Apids and mealybugs? #224245 - Ask Extension

Knowledgebase

Apids and mealybugs? #224245

Asked January 11, 2015, 7:05 PM EST

We bought several truck loads of new soil from a local soil and stone company for new beds last spring and into the summer, so did my brother.  He started his pepper seeds in it and had an infestation of what looked like mealybugs and aphids on his baby peppers.  I ended up with an infestation first on my kale then through out the garden.  Could these aphids and mealybugs have been in the soil we bought?  Can they over winter in the soil?  If so what can I do to get rid of them?  With the thought of starting my seeds and spring coming I am concerned. I have never had this problem before.  Even my ladybugs couldn't keep up with them and I released several containers of them.  Thanks for any information and advice.  Diana

Denver County Colorado

Expert Response

 

There is nothing that you can really put in your soil to prevent the insects from coming back.  Aphids do not inhabit the soil, they need plant material to provide the food necessary for survival. Depending on how cold it gets in the winter, aphids may or may not live through the winter on plant material.  Aphid populations rise and fall due to the current climate conditions. For example, wet springs which produce  lush growth followed by periods of hot dry weather can cause big increases in aphid populations.

 One idea is to watch carefully in early summer for the arrival of aphids on your plants. As soon as you see them take the hose with a nozzle and give your plants a thorough spraying with water (make sure you get underneath the leaves) as often just knocking the aphids off the plant will greatly reduce their numbers as they are not able to climb back up.  You can also use an insecticidal soap that is safe to use on vegetables.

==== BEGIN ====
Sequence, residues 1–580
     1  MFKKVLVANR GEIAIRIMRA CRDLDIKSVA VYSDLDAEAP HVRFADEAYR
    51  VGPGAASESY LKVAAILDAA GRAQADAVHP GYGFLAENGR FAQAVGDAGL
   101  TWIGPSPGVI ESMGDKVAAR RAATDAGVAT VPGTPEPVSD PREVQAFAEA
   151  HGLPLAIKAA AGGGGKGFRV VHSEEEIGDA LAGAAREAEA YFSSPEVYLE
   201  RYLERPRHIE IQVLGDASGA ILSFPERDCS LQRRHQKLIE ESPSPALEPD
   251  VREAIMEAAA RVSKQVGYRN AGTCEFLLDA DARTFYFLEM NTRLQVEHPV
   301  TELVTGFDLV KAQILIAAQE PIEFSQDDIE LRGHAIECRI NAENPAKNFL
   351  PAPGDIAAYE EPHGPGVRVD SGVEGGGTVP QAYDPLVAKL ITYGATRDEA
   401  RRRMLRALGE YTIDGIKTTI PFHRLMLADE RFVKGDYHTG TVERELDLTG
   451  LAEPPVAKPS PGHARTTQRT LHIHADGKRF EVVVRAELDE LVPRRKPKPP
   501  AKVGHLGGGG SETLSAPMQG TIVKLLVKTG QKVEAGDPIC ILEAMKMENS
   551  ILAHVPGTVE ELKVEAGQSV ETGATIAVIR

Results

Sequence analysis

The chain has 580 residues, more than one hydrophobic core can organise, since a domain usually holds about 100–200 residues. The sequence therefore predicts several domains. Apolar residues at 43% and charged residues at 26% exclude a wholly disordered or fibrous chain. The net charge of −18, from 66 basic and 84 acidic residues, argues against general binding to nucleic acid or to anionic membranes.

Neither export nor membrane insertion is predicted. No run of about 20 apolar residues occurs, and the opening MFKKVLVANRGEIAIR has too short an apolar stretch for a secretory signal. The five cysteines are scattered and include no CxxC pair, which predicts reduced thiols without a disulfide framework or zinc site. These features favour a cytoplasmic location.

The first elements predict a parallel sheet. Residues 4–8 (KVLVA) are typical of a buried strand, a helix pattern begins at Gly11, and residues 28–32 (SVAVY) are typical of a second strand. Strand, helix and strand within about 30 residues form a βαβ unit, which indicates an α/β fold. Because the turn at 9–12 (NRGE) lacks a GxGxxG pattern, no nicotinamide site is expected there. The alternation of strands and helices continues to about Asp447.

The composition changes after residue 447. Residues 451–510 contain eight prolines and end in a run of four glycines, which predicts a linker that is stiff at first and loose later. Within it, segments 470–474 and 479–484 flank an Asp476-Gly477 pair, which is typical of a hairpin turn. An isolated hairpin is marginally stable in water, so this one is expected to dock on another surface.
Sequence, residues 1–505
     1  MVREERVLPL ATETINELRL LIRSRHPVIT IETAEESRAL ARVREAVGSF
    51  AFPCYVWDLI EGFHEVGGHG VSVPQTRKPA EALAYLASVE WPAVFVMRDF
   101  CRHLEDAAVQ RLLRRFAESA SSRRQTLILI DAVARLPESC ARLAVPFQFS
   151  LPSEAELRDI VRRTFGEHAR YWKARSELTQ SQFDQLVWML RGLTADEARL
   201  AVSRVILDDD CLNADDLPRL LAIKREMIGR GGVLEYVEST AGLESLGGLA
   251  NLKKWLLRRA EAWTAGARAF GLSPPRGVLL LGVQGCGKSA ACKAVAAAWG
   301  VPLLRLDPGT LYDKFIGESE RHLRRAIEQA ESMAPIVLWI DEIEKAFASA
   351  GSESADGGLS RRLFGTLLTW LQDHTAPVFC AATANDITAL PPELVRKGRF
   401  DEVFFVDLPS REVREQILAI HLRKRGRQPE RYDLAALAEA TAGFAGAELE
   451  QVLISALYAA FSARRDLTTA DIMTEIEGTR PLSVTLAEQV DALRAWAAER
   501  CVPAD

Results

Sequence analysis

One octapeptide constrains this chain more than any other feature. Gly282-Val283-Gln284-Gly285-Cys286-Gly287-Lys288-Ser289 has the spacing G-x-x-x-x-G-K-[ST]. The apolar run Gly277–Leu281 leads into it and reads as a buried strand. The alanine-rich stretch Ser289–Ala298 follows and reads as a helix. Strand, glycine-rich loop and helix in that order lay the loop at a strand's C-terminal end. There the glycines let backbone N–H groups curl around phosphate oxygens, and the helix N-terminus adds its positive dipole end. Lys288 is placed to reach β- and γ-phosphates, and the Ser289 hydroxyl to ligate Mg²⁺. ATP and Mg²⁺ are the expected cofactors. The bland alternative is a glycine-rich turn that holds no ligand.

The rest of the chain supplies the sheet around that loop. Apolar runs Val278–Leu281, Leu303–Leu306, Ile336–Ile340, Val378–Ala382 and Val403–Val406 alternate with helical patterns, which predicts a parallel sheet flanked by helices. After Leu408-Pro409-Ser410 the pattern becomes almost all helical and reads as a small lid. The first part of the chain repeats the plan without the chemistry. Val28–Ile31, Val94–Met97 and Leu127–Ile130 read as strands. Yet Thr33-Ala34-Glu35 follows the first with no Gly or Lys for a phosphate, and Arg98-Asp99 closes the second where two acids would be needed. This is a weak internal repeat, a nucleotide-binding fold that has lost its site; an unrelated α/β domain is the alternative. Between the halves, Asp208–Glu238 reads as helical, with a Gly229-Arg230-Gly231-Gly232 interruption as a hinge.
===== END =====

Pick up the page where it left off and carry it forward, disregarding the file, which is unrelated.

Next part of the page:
Mealy bugs are also plant insects and are almost always found on the plant, not in the soil. They suck on plant juices, so they are usually found usually where the leaf joins the stem or along leaf veins.  You can try using a horticultural oil or insecticidal soap if they emerge in the spring. 

 Here is a fact sheet on where Insects go in the winter. 

 http://www.colostate.edu/Dept/CoopExt/Adams/horticulture/pdf/insects_winter.pdf

 Regarding the ladybugs, here is an excerpt from our fact sheet on ladybugs: “Unfortunately, the record for effective use of lady beetles released in a garden is typically poor. One reason for this is that the beetles are highly dispersive, poised to migrate long distances from their collection areas. With few exceptions, expect released lady beetles to fly away from gardens where they have been introduced. Furthermore, these field-collected lady beetles usually are in a state known as reproductive diapause, during which time they do not produce eggs. Only after feeding for several weeks after release do they resume egg laying.”

  Here is the entire fact sheet: http://www.ext.colostate.edu/pubs/insect/05594.html

Please let me know if you have any questions. 


Merrill Kingsbury Replied January 13, 2015, 1:43 PM EST

Loading ...